In a bid to prevent sharks from becoming bycatch for the commercial fishing industry, fishermen in North Carolina’s Outer Banks will test a new device designed to ward off sharks from commercial fishing vessels.

The device is a transistor encased in a waterproof, 3 in long plastic housing that emits electrical pulses meant to drive away sharks from the baited hooks of commercial fishing vessels. The transistor will attach to the fishing line directly above the baited hook, according to reports.

To test the device, a 3 mile fishing line will run from a commercial fishing vessel in the Outer Banks next summer. Half of the 150 baited hooks along the fishing line will be outfitted with the transistor, while the other half will not. The hope is that the hooks with the accompanying device will be shark free once the expedition completes — an indication that the shark repelling device works.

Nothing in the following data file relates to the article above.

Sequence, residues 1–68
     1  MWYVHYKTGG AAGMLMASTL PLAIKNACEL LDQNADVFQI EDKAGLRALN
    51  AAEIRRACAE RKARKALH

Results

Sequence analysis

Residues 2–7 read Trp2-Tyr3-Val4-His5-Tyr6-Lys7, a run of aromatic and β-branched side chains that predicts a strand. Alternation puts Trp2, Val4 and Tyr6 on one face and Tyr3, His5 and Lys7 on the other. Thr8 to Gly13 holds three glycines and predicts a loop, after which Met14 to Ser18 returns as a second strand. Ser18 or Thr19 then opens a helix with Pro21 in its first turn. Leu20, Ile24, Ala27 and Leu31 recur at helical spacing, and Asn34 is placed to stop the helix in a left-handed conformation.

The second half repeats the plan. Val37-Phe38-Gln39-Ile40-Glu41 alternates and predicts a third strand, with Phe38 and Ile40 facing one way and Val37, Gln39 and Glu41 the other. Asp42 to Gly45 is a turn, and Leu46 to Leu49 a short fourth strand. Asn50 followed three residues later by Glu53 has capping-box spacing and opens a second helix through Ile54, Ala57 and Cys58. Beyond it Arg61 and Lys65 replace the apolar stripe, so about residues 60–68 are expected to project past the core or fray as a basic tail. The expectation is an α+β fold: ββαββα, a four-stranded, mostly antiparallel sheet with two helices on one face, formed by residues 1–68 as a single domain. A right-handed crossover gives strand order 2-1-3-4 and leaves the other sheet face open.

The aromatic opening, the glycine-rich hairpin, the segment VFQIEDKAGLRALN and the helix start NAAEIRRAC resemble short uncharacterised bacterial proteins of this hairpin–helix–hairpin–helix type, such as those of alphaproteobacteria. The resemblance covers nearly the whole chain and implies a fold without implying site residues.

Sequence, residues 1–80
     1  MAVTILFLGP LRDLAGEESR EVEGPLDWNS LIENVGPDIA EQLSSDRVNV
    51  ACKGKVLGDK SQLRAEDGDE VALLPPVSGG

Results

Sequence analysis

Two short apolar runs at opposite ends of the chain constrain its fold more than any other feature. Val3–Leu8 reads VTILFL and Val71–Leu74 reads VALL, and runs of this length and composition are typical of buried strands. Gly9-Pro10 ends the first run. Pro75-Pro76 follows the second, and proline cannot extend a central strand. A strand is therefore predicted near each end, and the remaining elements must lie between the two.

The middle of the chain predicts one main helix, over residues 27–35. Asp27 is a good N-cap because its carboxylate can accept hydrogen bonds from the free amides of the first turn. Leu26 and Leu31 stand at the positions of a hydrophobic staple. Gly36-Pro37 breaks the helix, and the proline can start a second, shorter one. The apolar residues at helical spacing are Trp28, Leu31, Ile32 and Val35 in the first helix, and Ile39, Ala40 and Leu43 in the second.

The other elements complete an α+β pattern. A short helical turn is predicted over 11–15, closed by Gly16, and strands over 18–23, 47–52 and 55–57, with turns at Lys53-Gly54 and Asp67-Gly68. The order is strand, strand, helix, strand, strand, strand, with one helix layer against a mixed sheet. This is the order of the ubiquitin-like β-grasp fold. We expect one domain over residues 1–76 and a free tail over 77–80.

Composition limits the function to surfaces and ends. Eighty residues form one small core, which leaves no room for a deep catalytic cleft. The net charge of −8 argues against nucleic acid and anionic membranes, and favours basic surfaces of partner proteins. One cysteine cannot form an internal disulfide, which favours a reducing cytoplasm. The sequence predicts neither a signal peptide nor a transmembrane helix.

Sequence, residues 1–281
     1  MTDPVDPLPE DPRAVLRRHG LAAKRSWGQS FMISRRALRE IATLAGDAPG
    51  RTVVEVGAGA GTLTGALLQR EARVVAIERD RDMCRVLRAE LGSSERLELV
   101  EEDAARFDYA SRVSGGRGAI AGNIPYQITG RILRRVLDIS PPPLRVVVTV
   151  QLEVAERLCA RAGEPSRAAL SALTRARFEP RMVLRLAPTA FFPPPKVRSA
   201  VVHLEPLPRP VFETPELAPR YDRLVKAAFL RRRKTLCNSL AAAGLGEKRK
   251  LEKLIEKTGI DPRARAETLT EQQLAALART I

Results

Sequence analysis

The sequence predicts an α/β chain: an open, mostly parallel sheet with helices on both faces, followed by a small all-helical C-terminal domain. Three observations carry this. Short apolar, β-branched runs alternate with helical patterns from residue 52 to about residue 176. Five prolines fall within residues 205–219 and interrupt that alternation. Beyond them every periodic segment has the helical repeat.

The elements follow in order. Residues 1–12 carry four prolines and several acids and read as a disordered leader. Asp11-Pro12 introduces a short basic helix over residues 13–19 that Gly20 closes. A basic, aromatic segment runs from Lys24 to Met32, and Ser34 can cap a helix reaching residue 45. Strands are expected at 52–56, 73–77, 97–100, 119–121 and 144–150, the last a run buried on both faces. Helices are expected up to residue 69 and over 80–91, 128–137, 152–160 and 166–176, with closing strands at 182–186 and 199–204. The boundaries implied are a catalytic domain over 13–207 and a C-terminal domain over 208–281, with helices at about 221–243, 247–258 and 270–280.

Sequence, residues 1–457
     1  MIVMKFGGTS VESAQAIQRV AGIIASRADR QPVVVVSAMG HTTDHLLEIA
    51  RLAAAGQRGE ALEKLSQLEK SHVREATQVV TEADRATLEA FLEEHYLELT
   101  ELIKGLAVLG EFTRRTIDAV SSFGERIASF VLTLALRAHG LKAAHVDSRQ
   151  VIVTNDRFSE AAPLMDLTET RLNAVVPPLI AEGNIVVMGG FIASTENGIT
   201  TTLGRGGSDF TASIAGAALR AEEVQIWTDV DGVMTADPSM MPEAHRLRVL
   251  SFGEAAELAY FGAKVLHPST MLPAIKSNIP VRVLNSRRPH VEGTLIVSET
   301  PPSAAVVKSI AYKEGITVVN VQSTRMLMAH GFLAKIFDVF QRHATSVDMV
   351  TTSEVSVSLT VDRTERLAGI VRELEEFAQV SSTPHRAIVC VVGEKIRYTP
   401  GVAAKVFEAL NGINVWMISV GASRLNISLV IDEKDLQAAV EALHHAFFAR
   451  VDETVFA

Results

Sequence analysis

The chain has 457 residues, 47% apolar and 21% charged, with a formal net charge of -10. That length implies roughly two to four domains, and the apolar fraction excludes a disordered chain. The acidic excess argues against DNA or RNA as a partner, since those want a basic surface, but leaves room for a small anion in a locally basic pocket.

Each year, 100 million sharks are killed in commercial fishing incidents all over the world, according to statistics from a study that recently published in the journal Marine Policy. As such fishermen are in search of ways to cut down on bycatch, particularly to prevent the unintentional capture of protected species like sea turtles and sharks.

Ocean Guardian of Australia, a maker of other shark deterring technology, will manufacture the device.

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